Review

Kadaseela Biriyani review: Exquisitely shot and engaging indie thriller

Release Date: 19 Nov 2021 / 01hr 55min


Cinestaan Rating

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Haricharan Pudipeddi

The briskly paced and at-times bizarre film boasts of breathtaking visuals though the violence and explicit language might be off-putting for some.

Nishanth Kalidindi’s Kadaseela Biriyani is one of the most bizarre works to come out of Tamil cinema in recent years. It is an unabashedly raw indie film – in every sense – and it’s largely brilliant and naïve in parts. It’s a straightforward revenge thriller but it relies heavily on wry humour and some unsettling violence to make it stand out, and that’s what makes this attempt by first-time filmmaker Nishanth somewhat pathbreaking. Even when you can’t make sense of what’s happening in the first 20-odd minutes, the film still manages to suck you into its world when the actual story kicks in. Crisply made at just under two hours, Kadaseela Biriyani is one of the best attempts of the year. 

The story is centred on Chikkupandi (Vijay Ram), who gets separated from his two elder brothers, his mother and grandfather because his father fears he will tread the same path as theirs and become a violent man. Chikkupandi, as per his father’s wishes, attempts to become something in life and he starts working towards his goal. But as fate would have it, his brothers force him to join them on a murder mission, and what that follows forms the crux of the story.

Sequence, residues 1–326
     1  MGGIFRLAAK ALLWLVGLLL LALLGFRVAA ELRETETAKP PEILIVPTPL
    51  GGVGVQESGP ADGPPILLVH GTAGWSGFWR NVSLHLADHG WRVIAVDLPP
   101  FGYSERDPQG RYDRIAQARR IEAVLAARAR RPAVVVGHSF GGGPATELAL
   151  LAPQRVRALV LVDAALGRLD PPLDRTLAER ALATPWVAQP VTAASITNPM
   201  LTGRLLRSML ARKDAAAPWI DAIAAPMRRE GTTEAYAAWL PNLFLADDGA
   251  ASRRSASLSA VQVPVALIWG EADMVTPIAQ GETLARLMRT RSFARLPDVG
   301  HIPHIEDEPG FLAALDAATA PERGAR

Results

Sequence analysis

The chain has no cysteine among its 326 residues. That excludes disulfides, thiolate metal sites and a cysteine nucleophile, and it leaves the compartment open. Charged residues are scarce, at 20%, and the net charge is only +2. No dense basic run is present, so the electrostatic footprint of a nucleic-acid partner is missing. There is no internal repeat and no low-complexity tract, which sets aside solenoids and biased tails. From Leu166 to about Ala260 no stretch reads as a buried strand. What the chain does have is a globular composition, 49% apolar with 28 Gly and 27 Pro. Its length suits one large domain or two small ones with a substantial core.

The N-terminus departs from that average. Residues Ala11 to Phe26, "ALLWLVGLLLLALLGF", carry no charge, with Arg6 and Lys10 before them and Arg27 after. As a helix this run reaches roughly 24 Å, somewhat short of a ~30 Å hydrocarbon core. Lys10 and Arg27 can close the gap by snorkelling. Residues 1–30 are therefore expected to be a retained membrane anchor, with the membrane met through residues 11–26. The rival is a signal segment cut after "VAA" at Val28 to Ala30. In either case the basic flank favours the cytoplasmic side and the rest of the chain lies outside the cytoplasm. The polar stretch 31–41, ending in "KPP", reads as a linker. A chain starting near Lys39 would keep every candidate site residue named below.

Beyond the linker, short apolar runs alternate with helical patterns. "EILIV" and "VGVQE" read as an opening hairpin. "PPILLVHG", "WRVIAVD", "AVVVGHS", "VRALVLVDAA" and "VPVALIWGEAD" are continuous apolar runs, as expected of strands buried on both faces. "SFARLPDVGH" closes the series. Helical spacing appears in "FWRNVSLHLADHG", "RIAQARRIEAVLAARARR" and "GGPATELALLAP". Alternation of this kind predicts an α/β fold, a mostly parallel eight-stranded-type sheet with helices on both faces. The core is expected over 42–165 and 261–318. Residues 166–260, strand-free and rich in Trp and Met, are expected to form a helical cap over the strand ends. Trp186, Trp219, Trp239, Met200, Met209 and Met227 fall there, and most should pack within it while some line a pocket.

Most of the story unfolds in a single day and the breathtaking visuals make up for the initial lull in the narrative. Shot predominantly across the Tamil Nadu and Kerala border, the film is filled with dialogues in both Tamil and Malayalam. The Malayalam dialogues are slightly annoying if you don’t know the language but as the story progresses and you get the hang of what’s happening, you don’t mind it so much. The film tries to redefine masculinity, a subject it explores via the film’s four lead characters, including the foul-mouthed antagonist, played by a menacing Hakkim Shah. Also, the effective use of dark humour in the most unexpected situations helps the film create an impact on a different level altogether. 

Purely for their intent to take a very predictable plot and realize it in the most unusual manner, the makers of Kadaseela Biriyani deserves a lot of praise. It’s not a film for all, and it's one that can make you very uncomfortable. Nevertheless, it’s still an attempt that’s worth some discussion and dissection. Featuring mostly newcomers and shot in the most unexpected places, the film still manages to stay largely engaging. One of the minor grouses is that the film is highly explicit in terms of language and violence, which might be a bit of an issue for some.